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ArlingtonTuesday brings latest fork in Missing Middle road

Tuesday brings latest fork in Missing Middle road

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The next step in Arlington’s contentious “Missing Middle” housing-cum-zoning proposal arrives next Tuesday, when County Board members hold a work session with staff to guide efforts on the issue over the coming months.

The meeting, slated for July 12 at 3 p.m. in the board room at 2100 Clarendon Blvd., is open to the public, but there will be no public testimony taken.

Critics of the proposed policy change fear the County Board (soon to embark on its summer recess) will give staff direction at the meeting that will make approval and implementation of the zoning change almost a sure bet. At least one County Board member has publicly pronounced he hopes to have the policy in place by the end of the year, and other board members seem to be of the same mindset.

The proposal – advocated for by housing and civil-rights activists – effectively would end single-family zoning in many Arlington neighborhoods that have had it in place for more than a century. Depending on how the policy changes play out, as many as eight properties might be able to be shoehorned onto existing lots where one property previously had stood.


The community seems to be awakening to the implications of the change, and some are voicing increasing unhappiness. But with one-party rule in Arlington and a majority of board members seemingly on board with changes, it appears unlikely that its implementation could be significantly delayed, let alone derailed.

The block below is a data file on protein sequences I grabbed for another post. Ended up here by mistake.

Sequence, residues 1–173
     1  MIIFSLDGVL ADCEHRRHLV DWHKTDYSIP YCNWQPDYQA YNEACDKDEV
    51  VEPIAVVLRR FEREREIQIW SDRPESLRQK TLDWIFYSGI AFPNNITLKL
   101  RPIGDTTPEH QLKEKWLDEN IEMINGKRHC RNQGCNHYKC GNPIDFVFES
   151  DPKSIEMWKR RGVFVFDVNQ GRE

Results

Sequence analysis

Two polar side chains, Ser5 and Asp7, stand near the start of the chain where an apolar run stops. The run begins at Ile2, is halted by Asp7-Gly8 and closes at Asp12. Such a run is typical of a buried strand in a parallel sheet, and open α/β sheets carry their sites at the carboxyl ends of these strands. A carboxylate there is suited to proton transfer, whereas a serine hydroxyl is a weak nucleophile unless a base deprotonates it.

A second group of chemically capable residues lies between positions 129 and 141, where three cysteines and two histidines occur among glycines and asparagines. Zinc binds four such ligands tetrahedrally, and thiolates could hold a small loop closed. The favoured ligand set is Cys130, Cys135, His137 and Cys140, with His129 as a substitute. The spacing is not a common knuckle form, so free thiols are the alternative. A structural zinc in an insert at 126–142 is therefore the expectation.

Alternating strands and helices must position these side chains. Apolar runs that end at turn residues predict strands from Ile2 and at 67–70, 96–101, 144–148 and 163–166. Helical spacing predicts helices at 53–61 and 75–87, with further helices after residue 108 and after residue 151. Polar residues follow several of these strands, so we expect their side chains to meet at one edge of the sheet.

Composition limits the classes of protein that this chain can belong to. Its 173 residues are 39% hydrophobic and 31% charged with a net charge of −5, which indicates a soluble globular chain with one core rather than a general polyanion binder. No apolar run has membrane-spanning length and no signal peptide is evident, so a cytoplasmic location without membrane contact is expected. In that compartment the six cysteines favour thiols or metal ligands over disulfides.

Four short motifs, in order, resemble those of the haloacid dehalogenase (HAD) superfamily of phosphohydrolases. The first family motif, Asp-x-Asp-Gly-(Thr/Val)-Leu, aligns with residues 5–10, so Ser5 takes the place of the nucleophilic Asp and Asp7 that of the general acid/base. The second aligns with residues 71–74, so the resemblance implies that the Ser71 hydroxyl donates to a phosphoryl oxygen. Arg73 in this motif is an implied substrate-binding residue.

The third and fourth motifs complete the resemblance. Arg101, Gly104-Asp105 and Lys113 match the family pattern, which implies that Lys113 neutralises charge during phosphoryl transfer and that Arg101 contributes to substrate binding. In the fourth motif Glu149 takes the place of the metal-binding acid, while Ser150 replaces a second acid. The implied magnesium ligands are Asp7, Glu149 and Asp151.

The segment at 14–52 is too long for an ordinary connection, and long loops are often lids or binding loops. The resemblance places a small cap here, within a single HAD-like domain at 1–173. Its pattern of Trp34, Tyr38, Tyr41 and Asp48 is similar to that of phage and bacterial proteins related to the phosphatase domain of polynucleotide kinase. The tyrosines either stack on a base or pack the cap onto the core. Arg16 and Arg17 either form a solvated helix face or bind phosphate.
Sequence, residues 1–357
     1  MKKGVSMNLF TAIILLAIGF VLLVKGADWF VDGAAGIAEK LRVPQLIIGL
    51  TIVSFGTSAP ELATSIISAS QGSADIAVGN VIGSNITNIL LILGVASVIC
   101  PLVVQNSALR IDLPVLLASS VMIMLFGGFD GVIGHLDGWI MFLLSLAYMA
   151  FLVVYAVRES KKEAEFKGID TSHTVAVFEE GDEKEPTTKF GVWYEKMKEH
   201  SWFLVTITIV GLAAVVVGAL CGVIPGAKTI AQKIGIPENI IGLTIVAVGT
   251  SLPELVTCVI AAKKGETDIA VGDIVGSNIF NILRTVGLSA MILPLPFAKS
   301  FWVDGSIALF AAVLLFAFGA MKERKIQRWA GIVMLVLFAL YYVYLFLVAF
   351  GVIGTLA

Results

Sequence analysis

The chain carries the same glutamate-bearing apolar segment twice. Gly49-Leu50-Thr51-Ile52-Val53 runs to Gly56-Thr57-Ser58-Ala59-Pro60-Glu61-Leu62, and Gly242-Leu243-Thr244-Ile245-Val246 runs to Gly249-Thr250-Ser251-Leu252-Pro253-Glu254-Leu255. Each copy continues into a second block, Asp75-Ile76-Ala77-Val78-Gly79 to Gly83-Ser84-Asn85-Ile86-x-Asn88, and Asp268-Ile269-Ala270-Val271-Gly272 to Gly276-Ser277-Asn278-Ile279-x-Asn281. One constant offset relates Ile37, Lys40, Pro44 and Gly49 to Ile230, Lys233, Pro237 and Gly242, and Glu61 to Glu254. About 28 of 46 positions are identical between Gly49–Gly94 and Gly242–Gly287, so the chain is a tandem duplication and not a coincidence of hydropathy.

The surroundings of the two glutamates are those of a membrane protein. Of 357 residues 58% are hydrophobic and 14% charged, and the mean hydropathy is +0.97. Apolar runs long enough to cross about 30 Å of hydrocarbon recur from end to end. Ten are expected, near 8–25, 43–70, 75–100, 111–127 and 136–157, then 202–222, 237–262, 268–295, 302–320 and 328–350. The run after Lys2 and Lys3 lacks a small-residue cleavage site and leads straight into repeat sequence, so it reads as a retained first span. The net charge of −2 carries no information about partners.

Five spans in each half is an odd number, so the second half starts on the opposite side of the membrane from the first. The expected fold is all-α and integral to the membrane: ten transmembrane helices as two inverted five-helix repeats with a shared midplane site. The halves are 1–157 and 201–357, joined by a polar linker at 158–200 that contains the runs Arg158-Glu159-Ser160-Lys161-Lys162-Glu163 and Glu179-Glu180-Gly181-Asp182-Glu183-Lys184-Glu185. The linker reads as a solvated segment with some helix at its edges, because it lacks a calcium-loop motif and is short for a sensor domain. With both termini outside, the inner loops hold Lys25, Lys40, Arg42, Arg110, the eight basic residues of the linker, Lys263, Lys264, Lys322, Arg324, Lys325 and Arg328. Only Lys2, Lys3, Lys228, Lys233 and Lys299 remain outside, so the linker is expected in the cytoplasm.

In a presentation to the Arlington County Civic Federation last month, county housing staff attempted to paint concerns about the implications of changes as overblown.

The number of lots where such changes would take place would be minimal, they contended, and the footprint of multiple units on a single property would be no larger than what currently is allowed for single-family homes. Those who are mobilizing against the policy simply rolled their eyes.

(County staff largely have declined to attend meetings of civic associations in individual neighborhoods to discuss the proposal, citing staff shortages and other reasons.)

County Board members have kept a tight leash on public discourse, declining to host public hearings on the matter until fall and forcing those who wish to speak on the topic at public-comment periods of board meeting to sit down. Critics say it’s another longstanding Arlington government tactic – keep public comment bottled up until a major change is too far along for anything or anyone to stop it.

The Missing Middle issue is likely to be a major one in the upcoming County Board race, where Democratic incumbent Matt de Ferranti is being challenged by independents Adam Theo and Audrey Clement. But neither challenger is likely to have either the campaign cash or have built a community base to force voters to pay much heed, and with two opponents vying for the limited attention span of voters and splitting whatever anti-Democratic vote might remain in the county, de Ferranti is unlikely to face a significant hurdle to re-election.

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